Freedom’s just another word for nothin’ left to lose,’ sang Janis Joplin, which is a great lyric, but one that’s been sorely tested this year. As we lost the ability to go to work, to school, to cinemas and sporting grounds, to our families – well, it seems like we lost a lot, but it sure didn’t make us feel any more free.
Which we might have understood, but still resented! We treasure our freedoms, and shudder when we think of life in more repressive nations. And rightly so: Jesus teaches that our goal, our purpose, is to be free.
Or to be more precise, he says, to be made free… and that might offend you. Does he really mean to imply that we aren’t free already? Is he really that ignorant of the human condition? For someone who’s meant to be a wise teacher, you’d think he would know something about free will.
Philosophers love to argue about the reality of free will, but the rest of us take it for granted. We can choose what clothes to wear in the morning when we get up, what to eat for breakfast, and when to get on with our day. It’s obvious.
But then again… what about those who are required to wear a particular uniform? Or those who are diabetic? Or those who have to run the kids up to school in time for the start of the day? The truth is, our freedom is limited, sometimes by our own prior choices, and sometimes by the realities of this universe. None of us are free to float a metre above the ground at all times!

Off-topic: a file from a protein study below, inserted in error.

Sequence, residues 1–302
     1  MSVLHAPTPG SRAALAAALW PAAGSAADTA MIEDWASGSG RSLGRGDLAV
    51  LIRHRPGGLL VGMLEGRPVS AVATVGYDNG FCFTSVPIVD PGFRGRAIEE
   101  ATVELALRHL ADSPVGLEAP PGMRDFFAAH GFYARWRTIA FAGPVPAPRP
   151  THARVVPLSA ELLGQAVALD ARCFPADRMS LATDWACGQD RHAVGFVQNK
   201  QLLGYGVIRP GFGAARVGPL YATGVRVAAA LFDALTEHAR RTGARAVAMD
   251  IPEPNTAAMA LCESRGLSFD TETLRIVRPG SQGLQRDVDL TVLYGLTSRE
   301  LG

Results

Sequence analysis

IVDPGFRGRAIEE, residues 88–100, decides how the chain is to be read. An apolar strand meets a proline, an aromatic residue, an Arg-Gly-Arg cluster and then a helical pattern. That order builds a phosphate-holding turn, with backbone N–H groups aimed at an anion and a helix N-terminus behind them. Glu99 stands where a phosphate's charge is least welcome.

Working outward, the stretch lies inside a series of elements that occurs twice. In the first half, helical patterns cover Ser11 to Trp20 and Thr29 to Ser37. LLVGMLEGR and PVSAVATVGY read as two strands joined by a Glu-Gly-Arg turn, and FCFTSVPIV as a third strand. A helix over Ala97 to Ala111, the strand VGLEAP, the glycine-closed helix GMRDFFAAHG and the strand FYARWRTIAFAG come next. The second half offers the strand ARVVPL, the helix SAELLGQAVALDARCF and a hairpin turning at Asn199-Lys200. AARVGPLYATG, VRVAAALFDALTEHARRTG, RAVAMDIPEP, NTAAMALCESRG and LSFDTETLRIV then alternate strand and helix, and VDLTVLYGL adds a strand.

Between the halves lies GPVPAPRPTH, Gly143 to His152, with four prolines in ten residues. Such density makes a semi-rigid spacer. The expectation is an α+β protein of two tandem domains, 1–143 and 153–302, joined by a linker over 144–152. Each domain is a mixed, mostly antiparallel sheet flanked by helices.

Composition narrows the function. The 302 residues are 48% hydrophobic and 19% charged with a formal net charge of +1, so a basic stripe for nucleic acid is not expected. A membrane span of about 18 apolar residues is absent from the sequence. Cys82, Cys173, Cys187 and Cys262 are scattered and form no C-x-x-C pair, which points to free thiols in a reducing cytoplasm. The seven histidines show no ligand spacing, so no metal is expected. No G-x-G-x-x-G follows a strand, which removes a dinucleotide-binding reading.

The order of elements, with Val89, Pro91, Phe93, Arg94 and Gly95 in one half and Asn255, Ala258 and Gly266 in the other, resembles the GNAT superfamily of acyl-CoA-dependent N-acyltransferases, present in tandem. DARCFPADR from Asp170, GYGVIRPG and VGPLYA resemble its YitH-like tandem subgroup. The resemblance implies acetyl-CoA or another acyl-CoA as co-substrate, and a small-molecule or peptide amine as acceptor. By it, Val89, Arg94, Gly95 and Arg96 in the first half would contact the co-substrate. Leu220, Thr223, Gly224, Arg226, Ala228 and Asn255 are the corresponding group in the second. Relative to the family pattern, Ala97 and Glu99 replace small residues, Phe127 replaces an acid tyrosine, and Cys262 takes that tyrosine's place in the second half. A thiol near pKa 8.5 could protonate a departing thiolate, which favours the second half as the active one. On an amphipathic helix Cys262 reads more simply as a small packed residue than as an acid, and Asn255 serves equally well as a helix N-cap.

So then, perhaps Jesus means us to examine how limited our freedom is. And here, if we’re honest, we might notice that we struggle with our bad habits, or our temper, or … our deaths. True freedom, the Bible tells us, is the ability to be truly ourselves, to be all God has made us to be. Ironically, and unexpectedly, we find Jesus gives us this as we hand over the reins of our lives to him. It costs us nothing, because we aren’t really in control anyway. But he doesn’t lock us down – rather, he frees us up. Something you’re free to think about!